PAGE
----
27 September 2020
National Police Memorial Day (NPMD) will be held virtually today, for the first time in its 17-year history. This follows the tragic death of a Metropolitan Police officer in Croydon this week, which reminds us of why NPMD is such an important occasion for the policing family.
HRH The Prince of Wales will address the nation ahead of this annual remembrance service which attracts a congregation of thousands from across England, Wales, Scotland and Northern Ireland honours police officers whose sacrifice to public service will never be forgotten.
Filmed during the restriction of lockdown, families who have lost loved ones took part in the service with emotive messages of what this day means to them, lighting candles in remembrance of officers who have lost their lives across the four nations of the United Kingdom.
During the service, Lissie Harper, wife of PC Andrew Harper, Thames Valley Police, who died in August 2019 aged 28, will light the candle for England; Rebecca Davies, daughter of PC Terry Davies, Gwent Police, who died in August 1990 aged 34, will light the candle for Wales; Louie Johnston, son of Reserve Constable David Johnston, Royal Ulster Constabulary, who died in June 1997 aged 30, will light the candle for Northern Ireland; and Chief Constable Iain Livingstone QPM, will light a candle for fallen officers in Scotland.
The Prime Minister will pay tribute to the police officers who have lost their lives on duty, saying: “The police officers we remember today represent the very best of us. They laid down their lives to prevent us from coming to harm and we own them a huge debt.
“The dedication and selflessness that they showed in serving their communities will never be forgotten.”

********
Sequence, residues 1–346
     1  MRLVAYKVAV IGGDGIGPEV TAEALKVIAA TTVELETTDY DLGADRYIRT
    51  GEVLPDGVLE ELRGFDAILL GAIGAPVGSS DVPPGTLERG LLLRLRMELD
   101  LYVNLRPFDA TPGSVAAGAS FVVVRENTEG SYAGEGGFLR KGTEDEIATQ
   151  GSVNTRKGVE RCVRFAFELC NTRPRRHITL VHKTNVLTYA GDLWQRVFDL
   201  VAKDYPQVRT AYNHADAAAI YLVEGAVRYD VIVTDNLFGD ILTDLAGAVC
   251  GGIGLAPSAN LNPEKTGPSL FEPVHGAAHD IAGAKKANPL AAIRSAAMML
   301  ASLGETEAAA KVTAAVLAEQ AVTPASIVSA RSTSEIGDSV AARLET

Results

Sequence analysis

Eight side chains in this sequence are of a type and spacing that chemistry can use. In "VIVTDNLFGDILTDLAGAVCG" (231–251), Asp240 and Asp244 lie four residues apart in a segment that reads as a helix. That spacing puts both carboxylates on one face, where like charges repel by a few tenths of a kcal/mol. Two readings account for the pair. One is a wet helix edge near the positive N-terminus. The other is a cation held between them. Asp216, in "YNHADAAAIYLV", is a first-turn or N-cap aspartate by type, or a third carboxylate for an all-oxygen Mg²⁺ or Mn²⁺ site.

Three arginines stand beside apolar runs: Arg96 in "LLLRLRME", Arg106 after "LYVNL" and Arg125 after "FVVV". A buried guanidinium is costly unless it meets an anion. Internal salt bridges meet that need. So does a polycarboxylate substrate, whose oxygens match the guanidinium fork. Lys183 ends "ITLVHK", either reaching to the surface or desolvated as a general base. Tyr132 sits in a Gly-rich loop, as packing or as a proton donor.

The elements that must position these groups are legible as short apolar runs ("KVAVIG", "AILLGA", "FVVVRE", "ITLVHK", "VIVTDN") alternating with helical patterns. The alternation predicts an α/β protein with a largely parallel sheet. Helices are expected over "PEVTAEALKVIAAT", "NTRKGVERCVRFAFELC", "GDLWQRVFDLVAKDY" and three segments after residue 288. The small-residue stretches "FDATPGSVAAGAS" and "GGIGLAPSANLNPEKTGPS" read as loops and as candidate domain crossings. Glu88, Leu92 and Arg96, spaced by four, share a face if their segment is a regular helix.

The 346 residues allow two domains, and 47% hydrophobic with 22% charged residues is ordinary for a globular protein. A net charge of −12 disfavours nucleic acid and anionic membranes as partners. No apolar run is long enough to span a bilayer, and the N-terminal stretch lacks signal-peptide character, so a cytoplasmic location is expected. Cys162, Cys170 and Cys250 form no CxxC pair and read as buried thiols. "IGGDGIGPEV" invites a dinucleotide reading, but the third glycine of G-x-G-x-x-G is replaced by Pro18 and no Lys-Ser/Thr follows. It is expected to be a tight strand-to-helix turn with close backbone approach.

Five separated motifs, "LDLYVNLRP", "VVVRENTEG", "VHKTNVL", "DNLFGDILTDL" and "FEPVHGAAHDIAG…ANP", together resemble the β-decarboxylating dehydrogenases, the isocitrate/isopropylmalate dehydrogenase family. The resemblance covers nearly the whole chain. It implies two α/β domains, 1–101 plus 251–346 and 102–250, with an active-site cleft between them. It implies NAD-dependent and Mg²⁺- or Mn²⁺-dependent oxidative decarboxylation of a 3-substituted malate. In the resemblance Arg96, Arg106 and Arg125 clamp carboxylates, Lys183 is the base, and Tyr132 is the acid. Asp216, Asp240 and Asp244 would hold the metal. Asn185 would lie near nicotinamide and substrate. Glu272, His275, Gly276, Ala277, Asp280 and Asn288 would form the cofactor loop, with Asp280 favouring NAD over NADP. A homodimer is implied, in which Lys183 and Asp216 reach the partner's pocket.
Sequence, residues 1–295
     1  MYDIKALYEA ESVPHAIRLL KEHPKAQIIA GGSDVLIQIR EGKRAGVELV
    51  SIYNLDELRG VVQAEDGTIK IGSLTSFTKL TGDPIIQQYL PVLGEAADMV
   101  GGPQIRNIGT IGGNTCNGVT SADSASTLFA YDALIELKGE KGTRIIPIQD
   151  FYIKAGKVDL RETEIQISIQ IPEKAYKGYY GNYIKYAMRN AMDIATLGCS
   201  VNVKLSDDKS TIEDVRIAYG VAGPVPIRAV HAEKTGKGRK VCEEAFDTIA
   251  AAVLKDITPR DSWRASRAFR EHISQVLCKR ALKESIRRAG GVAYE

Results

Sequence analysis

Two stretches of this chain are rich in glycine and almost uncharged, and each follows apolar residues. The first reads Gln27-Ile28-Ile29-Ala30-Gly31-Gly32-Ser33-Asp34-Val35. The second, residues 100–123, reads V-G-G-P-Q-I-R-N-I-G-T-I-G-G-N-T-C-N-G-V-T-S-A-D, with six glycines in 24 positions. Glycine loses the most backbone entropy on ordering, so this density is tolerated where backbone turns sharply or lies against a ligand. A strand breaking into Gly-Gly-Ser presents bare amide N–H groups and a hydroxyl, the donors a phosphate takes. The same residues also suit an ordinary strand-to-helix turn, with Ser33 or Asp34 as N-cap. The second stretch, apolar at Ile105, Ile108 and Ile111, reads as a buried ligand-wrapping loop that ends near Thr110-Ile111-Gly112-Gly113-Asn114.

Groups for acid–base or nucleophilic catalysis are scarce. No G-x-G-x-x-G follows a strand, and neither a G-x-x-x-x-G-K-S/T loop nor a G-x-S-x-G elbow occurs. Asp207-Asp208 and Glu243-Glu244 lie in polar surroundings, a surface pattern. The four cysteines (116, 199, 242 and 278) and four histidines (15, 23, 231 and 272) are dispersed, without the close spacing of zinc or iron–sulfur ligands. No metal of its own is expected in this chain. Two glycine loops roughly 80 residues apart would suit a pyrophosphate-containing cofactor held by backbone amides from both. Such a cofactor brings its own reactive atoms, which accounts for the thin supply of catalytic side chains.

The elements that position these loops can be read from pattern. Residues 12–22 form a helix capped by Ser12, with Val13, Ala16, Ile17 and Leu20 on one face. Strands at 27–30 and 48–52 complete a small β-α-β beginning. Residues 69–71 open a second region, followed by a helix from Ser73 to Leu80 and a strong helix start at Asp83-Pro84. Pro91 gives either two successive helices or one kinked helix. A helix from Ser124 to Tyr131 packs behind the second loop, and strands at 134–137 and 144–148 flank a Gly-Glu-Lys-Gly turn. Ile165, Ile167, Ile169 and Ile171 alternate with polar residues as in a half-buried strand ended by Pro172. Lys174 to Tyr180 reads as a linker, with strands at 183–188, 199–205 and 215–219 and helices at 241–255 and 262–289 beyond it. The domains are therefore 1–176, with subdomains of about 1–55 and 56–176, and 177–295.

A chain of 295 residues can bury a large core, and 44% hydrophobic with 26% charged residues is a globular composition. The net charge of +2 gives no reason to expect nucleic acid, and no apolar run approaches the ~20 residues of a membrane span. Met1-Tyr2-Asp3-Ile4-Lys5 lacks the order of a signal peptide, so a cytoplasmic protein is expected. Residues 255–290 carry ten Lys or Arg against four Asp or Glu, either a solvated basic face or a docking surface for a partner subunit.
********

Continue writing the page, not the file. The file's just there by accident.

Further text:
National Police Chaplain, Reverend Canon David Wilbraham MBE will lead the service, which involves family members, police officers, the Home Secretary and the Archbishop of Canterbury.
The British Police Symphony Orchestra will play ‘I vow to thee my country’, with more than 60 musicians who took great pride recording their contributions whilst in isolation from homes across the UK - in Scotland, England and Northern Ireland.
Home Secretary Priti Patel said: “The tragic killing of Sergeant Matt Ratana this week marked a sad day for our country. It reminds us of the dangers our police officers face each and every day to keep us safe.
“And it shows us why the National Police Memorial Day is so important to us all, ensuring that his life and the lives of others who have paid the ultimate sacrifice will never be forgotten.”
John Apter, National Chair, Police Federation of England and Wales said: “Policing comes with a huge amount of risk and this is at the forefront of our minds even more so following the devastating news on Friday when our colleague in the Metropolitan Police was killed.
“National Police Memorial Day ensures that police officers who gave their all are never forgotten. We must always remember them - their commitment and ultimate sacrifice to public service. Every day police officers selflessly put themselves in harm’s way for the sake of others – I thank them, and I am proud represent them.
“Today is an emotional day – a stark reminder of just how precious life is. My thoughts are with the families, friends and colleagues whose loved ones died on duty.”
Reverend Canon David Wilbraham MBE, National Police Chaplain and Co-ordinator for National Police Memorial Day said: “The Trustees of National Police Memorial Day would not let this day pass without finding a solution to honour loved ones, friends and colleagues lost in service.
“Today is so important to the many who make the annual journey to join to support each other and commemorate those who gave us their all. Not being able to meet physically leaves a void, especially for those whose pain is lifelong. I am immensely proud that we pulled together to try to fill that void with our online service and I thank the families who contributed.
“This is an honourable day and a poignant reminder of the dangerous nature of policing. We stand in virtual solidarity to pay our respects.”
Families, colleagues and senior officials from throughout the UK will watch the service at 3pm in remembrance of lives lost.